Even ambiguity can’t keep listeners with access to Google from quickly realizing who is behind this stirring set of 10 warm, constantly twisting and stuttering tracks. Let alone the fact that Vernon’s voice is too distinguishable to ignore. The 10 years or so behind them, it’s remarkable listening to Big Red Machine and thinking of where these two once were and where they are now. The record isn’t as much of a musical surprise following Bon Iver’s riveting experimentalism of 22, A Million in 2016 and the shivering electronic tones that blanket The National’s 2017 LP Sleep Well Beast. If anything, it’s a logical next step or middle ground between the two. But it’s a far cry from Vernon’s cabin poetry and The National’s slow burning, anthemic balladry in their past lives.
The music on Big Red Machine doesn’t exactly feel in line with the song “Big Red Machine,” but there’s an underlying feeling that’s still there. Big Red Machine is marked with a feeling of wandering. Trying to parse through Vernon’s obtuse lyricism is still a fool’s errand in 2018. But as he taught us when he first sang “gluey feathers on a flume,” it’s the intention behind the words that matter most here. There’s still a powerful emotional pull when he sings “I met her at a hard grave/A heat wave hand-shake way” on opener “Deep Green,” swiftly sputtering out the words while wobbling tones and slinking guitar lines twirl against the patter of drum machines. On “Graditude” he gets direct, bellowing out with immediacy, “Well I better not fuck this up.” He sings with conviction, even when you don’t know what’s driving his urgency. The beauty of his lyricism is that it allows room for the listener to draw their own conclusions, to feel the rawness of Vernon’s spirit and recognize those same feelings in themselves. And likewise with Dessner’s production. The beats and lush arrangements are there to be not just fawned over, but are open and ambiguous enough to let listeners drift off into their own thoughts.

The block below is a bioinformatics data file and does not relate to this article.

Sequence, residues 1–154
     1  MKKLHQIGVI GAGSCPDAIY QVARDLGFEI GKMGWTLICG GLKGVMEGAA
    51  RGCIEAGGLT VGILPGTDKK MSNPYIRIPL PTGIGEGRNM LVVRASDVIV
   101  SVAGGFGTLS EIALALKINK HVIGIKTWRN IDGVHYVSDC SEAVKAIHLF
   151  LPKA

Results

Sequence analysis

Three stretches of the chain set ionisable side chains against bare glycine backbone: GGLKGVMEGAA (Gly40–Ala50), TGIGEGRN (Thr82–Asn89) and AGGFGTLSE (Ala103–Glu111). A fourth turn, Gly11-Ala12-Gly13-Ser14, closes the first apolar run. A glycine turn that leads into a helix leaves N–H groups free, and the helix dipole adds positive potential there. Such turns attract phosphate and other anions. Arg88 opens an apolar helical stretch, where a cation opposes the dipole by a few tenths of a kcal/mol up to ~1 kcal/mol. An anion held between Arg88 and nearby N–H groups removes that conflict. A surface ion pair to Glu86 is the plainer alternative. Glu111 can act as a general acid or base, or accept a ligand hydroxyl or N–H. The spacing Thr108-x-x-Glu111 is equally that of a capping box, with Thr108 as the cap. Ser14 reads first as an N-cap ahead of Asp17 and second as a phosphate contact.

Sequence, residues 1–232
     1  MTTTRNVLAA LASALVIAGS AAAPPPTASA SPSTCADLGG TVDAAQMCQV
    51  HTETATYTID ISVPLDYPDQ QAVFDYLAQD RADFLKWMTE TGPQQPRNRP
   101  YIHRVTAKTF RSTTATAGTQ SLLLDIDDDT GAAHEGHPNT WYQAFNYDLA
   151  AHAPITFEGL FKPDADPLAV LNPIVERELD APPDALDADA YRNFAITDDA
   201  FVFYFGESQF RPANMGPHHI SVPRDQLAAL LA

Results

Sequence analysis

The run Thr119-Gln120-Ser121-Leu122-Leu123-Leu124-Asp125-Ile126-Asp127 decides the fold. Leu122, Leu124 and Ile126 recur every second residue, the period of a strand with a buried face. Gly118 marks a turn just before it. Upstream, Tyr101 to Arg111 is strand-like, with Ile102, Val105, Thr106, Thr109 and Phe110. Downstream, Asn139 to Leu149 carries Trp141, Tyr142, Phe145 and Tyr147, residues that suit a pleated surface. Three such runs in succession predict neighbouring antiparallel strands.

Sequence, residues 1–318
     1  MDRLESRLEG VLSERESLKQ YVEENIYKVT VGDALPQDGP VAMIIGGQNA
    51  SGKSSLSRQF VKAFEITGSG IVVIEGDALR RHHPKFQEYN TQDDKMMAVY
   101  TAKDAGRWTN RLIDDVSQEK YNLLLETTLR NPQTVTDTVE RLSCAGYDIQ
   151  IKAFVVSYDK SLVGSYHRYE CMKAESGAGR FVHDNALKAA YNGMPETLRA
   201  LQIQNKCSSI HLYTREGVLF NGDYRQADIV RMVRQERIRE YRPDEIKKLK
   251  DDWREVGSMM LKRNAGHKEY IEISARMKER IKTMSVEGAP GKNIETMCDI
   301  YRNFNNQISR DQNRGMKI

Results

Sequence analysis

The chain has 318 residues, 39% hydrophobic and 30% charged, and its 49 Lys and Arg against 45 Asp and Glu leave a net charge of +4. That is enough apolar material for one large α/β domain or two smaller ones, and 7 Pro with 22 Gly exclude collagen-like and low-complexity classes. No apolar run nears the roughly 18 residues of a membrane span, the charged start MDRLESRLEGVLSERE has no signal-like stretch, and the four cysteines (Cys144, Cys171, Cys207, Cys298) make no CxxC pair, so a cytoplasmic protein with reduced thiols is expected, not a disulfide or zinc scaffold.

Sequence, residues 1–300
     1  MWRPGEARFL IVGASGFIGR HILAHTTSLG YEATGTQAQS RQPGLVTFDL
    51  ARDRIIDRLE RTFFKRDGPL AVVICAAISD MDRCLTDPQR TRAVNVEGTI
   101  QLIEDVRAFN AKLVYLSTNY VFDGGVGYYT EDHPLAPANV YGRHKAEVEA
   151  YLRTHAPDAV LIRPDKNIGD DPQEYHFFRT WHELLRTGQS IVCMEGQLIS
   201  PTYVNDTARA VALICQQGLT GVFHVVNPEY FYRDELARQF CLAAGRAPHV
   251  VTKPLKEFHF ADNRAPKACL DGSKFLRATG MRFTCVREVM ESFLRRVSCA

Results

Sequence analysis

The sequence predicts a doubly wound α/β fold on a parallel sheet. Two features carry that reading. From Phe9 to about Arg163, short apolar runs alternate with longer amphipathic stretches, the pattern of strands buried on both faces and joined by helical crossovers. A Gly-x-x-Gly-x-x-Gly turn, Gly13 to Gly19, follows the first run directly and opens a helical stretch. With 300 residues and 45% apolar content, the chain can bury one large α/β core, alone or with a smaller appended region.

The record plays like a meditation. Impressionistic thoughts sent off into the world, rolling together into a breathtaking 46-minutes. It’d sound just a lovely even if it weren’t Vernon and Dessner working behind it. But what their presence does add is a new chapter in an ongoing narrative arc of two beloved songwriters of the late aughts who continue to innovate and explore. There’s no cash grab to be had in making an album this open-ended and exploratory. Rather, it’s a beautiful fleeting moment of collaborators coming together that’s only heightened by the context of knowing the varied and excellent work they’ve both done in their past under different names and made in seemingly different lifetimes. The bellowing piano chords and gospel howls of album highlight “Hymnostic” capture the communal spirit of the record, a welcoming chorus of voices begging to let more voices to join in. Dessner and Vernon may scoff at their own status and it’s maybe a testament to their character they do. But Big Red Machine succeeds in both becoming something larger than themselves and also one of the most beautiful manifestations of themselves yet.
Big Red Machine is out now via Jagjaguwar Records.